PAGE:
Jeffery: We are going into a robust strategic planning phase to think about what the next 5 to 7 years look like. We are also in talks with other communities about our presence there. We hope to have a new home in Northern Virginia. We are also talking with strategic partners about how to target our work in different ways in local schools. I am on the Grammy DC Chapter Board and was just elected to the Washington National Opera Board and liaising with other organizations who support our work or who’s work we support. We have a DEI and Anti-Racism working group that preceded my start with Levine, that is working really hard on operationalizing a lot of vision statements that have been crafted by our staff, our faculty and our board, as well as consultants with whom we’ve worked. We are looking to find efficiencies where we can to become a more fiscally and operationally sound institution.

Morgan: Who’s running Musicianship now?

Jeffery: The Musicianship is in search of their next dynamic leader. I will continue to be an artist, ally, supporter and resource. I am excited for the organization to thrive under new leadership leveraging the resources and programs under their umbrella. I want to do everything I can to be supportive and Levine will be a sponsor for the 2022 Whammy Awards this March and look forward to forging new partnerships for the future. They have never partnered in the past and I am happy to be that bridge.

Morgan: Congratulations on the newish baby, what has being a dad taught you so far?

Jeffery Tribble Jr. Photo by Bunmi Abari (@kid.august)

Jeffery: Being a dad has taught patience, and helped to be able to identify my strengths outside of being a professional. A lot of us, especially those that are ambitious, often hang our hats on our professional accomplishments but being able to dig deep and find the success in being a family man has helped me to appreciate life in a different way. It has helped me show my value proposition to the world and my family in a different way, more than merely making money and racking up achievements and it has brought me a lot of joy. It has allowed me to experience joy in a way that I haven’t before. I have gotten joy from other things in life like travel or whatever but this is something new, something fresh and despite the challenges, it’s a beautiful thing.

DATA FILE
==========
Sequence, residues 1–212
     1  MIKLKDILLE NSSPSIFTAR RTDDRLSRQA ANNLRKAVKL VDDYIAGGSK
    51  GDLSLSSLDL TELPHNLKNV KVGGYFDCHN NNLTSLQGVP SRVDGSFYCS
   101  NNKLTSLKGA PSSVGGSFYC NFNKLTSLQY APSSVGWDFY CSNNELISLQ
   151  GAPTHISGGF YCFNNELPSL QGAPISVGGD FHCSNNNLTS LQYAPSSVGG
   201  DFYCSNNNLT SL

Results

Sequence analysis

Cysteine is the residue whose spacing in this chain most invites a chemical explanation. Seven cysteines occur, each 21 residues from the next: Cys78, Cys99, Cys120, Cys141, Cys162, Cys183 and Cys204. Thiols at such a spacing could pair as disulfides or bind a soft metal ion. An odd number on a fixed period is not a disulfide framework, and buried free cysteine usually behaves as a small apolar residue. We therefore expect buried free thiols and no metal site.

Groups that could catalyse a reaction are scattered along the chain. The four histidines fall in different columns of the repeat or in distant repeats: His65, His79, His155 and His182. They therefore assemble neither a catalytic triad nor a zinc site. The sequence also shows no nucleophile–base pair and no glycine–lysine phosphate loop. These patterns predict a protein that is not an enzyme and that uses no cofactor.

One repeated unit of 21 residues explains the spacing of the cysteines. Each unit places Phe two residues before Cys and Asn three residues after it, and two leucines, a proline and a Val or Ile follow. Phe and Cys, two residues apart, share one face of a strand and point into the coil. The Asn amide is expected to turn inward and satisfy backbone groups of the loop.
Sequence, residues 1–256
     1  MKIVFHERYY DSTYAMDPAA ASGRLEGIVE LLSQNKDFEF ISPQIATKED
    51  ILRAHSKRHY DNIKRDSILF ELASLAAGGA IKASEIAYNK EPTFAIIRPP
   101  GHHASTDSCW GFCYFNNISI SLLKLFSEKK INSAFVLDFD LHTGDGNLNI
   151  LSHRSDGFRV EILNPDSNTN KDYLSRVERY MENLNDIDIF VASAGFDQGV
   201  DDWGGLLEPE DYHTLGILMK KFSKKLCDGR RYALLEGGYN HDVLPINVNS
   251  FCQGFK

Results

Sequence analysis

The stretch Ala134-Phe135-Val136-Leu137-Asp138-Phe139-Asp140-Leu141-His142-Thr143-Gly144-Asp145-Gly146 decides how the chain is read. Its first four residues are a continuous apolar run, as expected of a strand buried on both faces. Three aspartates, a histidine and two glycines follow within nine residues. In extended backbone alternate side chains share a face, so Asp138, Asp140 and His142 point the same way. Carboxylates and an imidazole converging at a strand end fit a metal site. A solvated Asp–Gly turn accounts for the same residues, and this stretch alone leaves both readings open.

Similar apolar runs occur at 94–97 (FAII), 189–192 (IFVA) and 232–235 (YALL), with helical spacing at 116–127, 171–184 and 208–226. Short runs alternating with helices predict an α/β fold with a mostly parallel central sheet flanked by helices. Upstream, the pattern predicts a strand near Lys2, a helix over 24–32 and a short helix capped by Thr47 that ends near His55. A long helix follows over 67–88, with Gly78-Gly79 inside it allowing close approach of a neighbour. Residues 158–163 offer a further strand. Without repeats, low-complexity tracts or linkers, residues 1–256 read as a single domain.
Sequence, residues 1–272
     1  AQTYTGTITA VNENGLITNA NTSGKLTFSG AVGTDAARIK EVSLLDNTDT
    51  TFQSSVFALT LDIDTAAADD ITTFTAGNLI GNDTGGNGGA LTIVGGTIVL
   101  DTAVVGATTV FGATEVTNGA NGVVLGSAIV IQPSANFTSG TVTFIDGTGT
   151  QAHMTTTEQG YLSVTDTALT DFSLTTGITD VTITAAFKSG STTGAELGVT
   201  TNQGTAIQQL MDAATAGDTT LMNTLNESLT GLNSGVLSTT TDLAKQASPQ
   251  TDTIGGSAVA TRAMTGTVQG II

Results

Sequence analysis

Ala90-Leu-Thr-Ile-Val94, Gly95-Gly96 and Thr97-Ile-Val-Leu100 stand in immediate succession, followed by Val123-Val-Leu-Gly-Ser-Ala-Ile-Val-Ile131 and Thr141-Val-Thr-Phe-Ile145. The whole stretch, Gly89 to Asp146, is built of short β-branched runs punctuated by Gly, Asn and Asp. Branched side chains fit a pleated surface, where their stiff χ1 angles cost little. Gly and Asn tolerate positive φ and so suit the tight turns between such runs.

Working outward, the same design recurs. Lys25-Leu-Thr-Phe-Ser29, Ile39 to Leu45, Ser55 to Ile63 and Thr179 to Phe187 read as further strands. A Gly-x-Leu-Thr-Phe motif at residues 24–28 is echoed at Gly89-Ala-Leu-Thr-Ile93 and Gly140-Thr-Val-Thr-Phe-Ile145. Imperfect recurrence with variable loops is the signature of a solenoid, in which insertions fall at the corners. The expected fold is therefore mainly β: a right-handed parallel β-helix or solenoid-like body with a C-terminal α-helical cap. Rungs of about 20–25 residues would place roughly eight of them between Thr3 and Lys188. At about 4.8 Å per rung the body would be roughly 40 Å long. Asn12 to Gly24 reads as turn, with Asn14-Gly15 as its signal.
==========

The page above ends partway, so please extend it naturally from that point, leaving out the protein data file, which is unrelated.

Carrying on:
Morgan: If you could send a message to your younger self in Chicago, what would it be?

Jeffery: Hold On – I never anticipated this type of ride and got every grade under the sun throughout elementary, middle and high school. Ds, Fs, I got all types of grades and I never envisioned this type of success in life by any stretch. I would also tell myself to apply myself cause that wasn’t something I did as much as I could.

Morgan: So how can the community support Levine, get connected and utilize what Levine has to offer?

Jeffery: We have a donation page that is live year round – Levine’s offerings include private music lessons, collaborative group classes, ensembles, and rotating workshops and concert series that engage and inspire music lovers of all ages and stages. Levine also offers tuition assistance and discounts for the community.